Homer believes her husband’s “big plan was exactly what he did.” A U.S. Air Force Academy graduate, he flew for his country in “the exact plane that he wanted—the [Lockheed] C–131 Starlifter, and then he flew for the number-one airline, United. He really enjoyed what he did. He loved to travel, he loved to take pictures, and he loved taking advantage of being in other countries.” He discovered new places, went to museums, “and always came home with stories.”
She reconciles her personal loss with the solace that “United 93 was the flight that fought back. I often wonder if LeRoy was not on that flight, would it have made it to the U.S. Capitol that day?” Perhaps her husband’s position on the flight deck “was LeRoy’s purpose in life. I don’t like it, I don’t have to like it—but I understand that in his life, he had already taken an oath to protect and serve his country. That day was just an extension of it.”
Nineteen of the 27 recipients will attend an “Honoring the Past, Inspiring the Future” ceremony in Philadelphia August 28 to commemorate the twentieth anniversary of 9/11. Here are some of their stories.
Spirit airlines First Officer Sarah Cooke (2003 recipient) was 18 and fresh out of high school when her life trajectory changed forever. Cooke grew up “in the middle of nowhere Idaho” and didn’t have the financial resources to pursue an aviation career before she was awarded one of the first three LeRoy Homer Jr. Scholarship flight training scholarships.
She earned a private pilot certificate that summer and praised the award as the “single greatest gift that I’ve ever been given. That flight scholarship opened so many doors for me. It truly changed the direction of my life,” Cooke reflected. “I simply could not have afforded it. I grew up incredibly poor.”
Cooke also won the first-ever Captain Jason Dahl Scholarship, which funded an instrument rating and led to a United Express position. However, she was furloughed a short time later during the Great Recession of 2007 to 2009. “I did everything right, but there I was, 23 years old and unemployed, so I joined the Air Force.” She attended Officer Training School and is a distinguished U.S. Air Force graduate.
She commanded a Boeing RC–135 reconnaissance aircraft “in international waters over countries you probably wouldn’t want to be near.” She considers military service one of her “proudest achievements.”
If Cooke met LeRoy Homer today, she said, “Oh, man, my eyes are going to water. I would tell him, ‘thank you’ for his legacy, and for his contributions to my life. I’m very fortunate. It’s just a really, really wonderful group of people.”
U.S. Navy Lt. Cmdr. Richard Valenta (2003), a Lockheed Martin F–35C Lightning II pilot based at Maryland’s Naval Air Station Patuxent River, was an inaugural scholarship recipient who knew at an early age that he wanted to become a military pilot. However, his parents “didn’t have the most money in the world and even in 2003 it was quite an expense to get a pilot license.”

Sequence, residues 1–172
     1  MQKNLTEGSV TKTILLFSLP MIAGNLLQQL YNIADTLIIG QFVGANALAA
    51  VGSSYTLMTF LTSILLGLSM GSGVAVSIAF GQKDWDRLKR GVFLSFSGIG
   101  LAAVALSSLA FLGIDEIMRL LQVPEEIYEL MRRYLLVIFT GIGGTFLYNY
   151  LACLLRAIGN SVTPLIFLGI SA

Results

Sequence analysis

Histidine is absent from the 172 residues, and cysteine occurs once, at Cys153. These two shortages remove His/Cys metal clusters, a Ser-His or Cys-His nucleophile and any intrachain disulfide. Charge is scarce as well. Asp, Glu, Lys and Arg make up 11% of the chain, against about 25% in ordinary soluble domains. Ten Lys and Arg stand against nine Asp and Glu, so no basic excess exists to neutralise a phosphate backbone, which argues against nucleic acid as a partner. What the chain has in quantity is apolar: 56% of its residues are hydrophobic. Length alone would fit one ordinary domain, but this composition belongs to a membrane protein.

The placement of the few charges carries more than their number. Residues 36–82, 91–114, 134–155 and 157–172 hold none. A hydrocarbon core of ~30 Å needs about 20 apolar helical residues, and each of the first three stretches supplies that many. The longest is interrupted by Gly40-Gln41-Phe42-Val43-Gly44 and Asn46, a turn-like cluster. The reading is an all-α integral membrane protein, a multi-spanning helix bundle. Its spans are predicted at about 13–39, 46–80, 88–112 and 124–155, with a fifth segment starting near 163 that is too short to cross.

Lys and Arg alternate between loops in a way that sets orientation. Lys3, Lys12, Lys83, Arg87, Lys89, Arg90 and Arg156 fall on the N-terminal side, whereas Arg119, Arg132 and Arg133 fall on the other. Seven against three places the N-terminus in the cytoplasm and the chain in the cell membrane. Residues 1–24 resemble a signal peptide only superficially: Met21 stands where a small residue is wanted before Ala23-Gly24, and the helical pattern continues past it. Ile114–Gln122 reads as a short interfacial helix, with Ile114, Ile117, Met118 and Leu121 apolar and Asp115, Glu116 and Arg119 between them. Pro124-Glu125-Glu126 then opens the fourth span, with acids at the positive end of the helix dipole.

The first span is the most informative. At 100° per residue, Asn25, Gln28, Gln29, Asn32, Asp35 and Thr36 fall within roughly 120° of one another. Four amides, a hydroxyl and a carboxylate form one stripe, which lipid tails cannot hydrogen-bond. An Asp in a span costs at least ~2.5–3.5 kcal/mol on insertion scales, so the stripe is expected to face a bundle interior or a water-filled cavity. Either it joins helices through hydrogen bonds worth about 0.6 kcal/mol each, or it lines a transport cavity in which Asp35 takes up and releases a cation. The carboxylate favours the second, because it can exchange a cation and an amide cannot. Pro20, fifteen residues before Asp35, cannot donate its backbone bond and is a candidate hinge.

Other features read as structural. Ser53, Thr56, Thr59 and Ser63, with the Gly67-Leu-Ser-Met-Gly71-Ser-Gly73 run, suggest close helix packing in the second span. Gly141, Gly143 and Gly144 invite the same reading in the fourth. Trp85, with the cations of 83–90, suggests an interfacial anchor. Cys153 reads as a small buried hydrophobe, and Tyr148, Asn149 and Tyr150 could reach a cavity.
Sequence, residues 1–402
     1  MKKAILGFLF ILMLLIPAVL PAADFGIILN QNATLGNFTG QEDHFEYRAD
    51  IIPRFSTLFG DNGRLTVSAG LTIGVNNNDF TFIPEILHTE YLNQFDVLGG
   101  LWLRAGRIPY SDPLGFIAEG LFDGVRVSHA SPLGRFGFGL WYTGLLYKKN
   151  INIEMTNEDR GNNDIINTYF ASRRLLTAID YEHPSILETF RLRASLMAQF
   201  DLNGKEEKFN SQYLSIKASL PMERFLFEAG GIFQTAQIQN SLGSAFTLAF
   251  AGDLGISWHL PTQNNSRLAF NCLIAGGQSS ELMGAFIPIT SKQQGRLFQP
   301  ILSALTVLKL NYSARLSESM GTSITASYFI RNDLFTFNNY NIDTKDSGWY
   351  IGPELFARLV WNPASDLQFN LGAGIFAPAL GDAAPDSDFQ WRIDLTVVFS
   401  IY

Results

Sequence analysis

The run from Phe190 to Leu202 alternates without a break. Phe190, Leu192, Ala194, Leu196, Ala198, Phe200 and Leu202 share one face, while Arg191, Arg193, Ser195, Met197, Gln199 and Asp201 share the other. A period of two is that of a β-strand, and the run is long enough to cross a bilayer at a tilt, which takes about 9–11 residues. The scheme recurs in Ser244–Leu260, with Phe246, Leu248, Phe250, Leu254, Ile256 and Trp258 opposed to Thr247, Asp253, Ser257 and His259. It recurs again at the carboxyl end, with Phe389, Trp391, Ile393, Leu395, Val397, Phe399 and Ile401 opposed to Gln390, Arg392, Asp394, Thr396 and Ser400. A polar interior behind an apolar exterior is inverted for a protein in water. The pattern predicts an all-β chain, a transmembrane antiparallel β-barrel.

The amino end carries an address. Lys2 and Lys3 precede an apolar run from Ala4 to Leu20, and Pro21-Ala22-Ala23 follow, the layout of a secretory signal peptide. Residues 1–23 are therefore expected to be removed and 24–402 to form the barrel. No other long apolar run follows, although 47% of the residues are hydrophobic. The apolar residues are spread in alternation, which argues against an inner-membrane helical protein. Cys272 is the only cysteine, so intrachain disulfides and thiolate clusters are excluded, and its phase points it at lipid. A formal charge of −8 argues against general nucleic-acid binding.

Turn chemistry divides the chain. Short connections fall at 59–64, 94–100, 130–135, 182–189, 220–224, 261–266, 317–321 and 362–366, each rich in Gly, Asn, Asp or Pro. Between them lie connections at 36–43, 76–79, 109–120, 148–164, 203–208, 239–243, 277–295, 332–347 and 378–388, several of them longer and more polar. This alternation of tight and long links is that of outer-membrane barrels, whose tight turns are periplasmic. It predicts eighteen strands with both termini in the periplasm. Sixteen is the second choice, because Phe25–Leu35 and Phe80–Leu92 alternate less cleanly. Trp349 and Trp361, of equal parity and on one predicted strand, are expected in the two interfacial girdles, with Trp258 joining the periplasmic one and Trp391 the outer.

One day he typed aviation scholarships on his computer “and the Homer Foundation popped up. Applications were due in like five days, and I said, ‘Oh, my gosh, I’ve got to get this done.’”
“It was such a life-changing day” when the 16-year-old was awarded an all-expenses-paid flight scholarship. He spent “every day at the airport that summer studying aviation and flying in a Cessna 152 with a single VOR, a single ADF, and a single radio, with a DG that precessed quite a bit.”
Earning a private pilot certificate at age 17 was “one of the most defining moments of my life,” Valenta said. Aviation classes at Purdue University, a Navy ROTC scholarship, and military flight training followed.
“I cannot stress to Melodie…and to everyone in the foundation how much of a positive impact that scholarship had on my life. I hope I can pay it back and give someone else the opportunity they gave me.”
U.S. Air Force Maj.Courtney Vidt (2006), an instructor pilot and weapons officer, praised the LeRoy Homer Scholarship Foundation for her aviation accomplishments. “The credit really belongs to Mel Homer. She took his memory and decided to do something amazing with it.”
The first recipient to graduate from the U.S. Air Force Academy, Vidt said even her passion for flying gliders mirrored Homer’s.
“It was really an honor to follow in his footsteps in general,” she said. Flying some of the same aircraft “at the same airfields, and walking down the same halls as LeRoy Homer, was a very humbling experience. Knowing that I’m pretty much following the footsteps that he laid out was surreal.” During her freshman year at the Academy, Vidt paid tribute to Homer at the reflecting wall where fallen graduates’ names are carved into stone.
Vishra Patel (2011) discovered aviation through EAA Young Eagles flights and attended ground school lessons as a 16-year-old. However, she was stumped about funding flight training lessons or pursuing a potential aviation career when so few airline pilots were female. “I’d never seen a female pilot, myself, so it kind of seemed to be an impossible dream until I found the LeRoy Homer Foundation.”